A Breath of Hot Air
In parts of Burgundy in summer, balloons are as common as the family car. In village after village along the highway, they bob, inflated, ready to hand, tethered to the garage. Their vivid colors are a badge of honor of another stripe: The brothers Montgolfier were the first to achieve flight; in 1783, for Louis XVI, with farm animals. Jules Verne elaborated on these and other Voyages Extraordinaires a good half century before the brothers Wright. It took another half century for naval designer Ed Yost to perfect the tapered bulb design and propane burners.
Illustration by Georges Roux for Jules
In the John Casey story, "Connaissance des Arts,"* a snobbish young professor at a small town Midwestern university sheds tweeds, inhibition, reason as he races through cornfields and over bridges in pursuit of a guileless, air-headed student in a runaway balloon. By the time she touches down, he is hopelessly borne away.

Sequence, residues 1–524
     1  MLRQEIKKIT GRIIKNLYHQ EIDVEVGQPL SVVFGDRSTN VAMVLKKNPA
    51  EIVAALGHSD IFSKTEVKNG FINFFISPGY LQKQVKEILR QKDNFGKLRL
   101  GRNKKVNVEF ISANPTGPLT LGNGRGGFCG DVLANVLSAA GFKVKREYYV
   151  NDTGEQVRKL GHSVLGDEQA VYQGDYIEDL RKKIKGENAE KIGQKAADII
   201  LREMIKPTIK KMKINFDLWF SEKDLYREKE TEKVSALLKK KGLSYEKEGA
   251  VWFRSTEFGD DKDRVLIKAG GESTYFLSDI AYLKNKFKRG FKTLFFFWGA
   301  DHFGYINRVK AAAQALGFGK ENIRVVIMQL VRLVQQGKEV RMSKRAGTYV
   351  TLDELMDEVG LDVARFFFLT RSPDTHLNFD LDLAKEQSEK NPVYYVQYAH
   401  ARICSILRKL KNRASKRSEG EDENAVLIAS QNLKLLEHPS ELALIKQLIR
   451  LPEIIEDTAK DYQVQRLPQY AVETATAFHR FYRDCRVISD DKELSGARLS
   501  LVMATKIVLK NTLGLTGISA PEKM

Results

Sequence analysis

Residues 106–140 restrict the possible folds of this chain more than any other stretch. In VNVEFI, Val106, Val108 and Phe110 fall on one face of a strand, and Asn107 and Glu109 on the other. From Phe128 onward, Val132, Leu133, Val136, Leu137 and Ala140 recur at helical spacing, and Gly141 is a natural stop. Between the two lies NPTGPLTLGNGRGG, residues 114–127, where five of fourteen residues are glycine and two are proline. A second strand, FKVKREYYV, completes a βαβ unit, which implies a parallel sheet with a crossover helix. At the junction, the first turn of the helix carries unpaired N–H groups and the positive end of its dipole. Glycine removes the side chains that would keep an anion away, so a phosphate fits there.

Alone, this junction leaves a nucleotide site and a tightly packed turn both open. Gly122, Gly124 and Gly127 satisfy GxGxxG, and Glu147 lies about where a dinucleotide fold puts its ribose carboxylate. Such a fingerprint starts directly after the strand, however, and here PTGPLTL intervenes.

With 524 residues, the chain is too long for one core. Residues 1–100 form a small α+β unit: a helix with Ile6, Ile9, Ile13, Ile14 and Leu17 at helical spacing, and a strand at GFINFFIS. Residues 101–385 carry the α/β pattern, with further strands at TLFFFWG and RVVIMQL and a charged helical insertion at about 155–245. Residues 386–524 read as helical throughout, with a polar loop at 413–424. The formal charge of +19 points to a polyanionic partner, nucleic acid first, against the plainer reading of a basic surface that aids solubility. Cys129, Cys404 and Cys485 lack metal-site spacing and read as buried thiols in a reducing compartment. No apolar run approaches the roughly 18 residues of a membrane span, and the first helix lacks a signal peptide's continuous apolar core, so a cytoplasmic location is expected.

The physics of balloons are as simple as love: Lighter than air, you are buoyant. Archemedes figured that out. Air weighs about 28 grams per cubic foot (heaviest at ground level where it must support the weight of all above). Heat it to 100 degrees F and you reduce the weight by 25%. (Consider that multiple: Balloons have to be huge to achieve lift-off in 7-gram increments.) Equalize the inner and outer pressure, while reducing inner density, and you belong to the wind, not in it, but of it; no gust rushing about the face, no breeze through the hair, perfectly calm.
A sigh went through the crowd of two thousand as the first of a dozen balloons lifted off at the Third Annual Great Northern Catskill Balloon Festival and Air Show on Saturday, August 18. Organized by the Greene County Chamber of Commerce, and staged on the grounds of the Balsam Shade Resort in Greenville, basket riders paid $175 to join the wind. Other sports earned money for charity in the festival dunking booth.
*Contained in Testimony and Demeanor, pp. 53-150 (Knopf, 1979).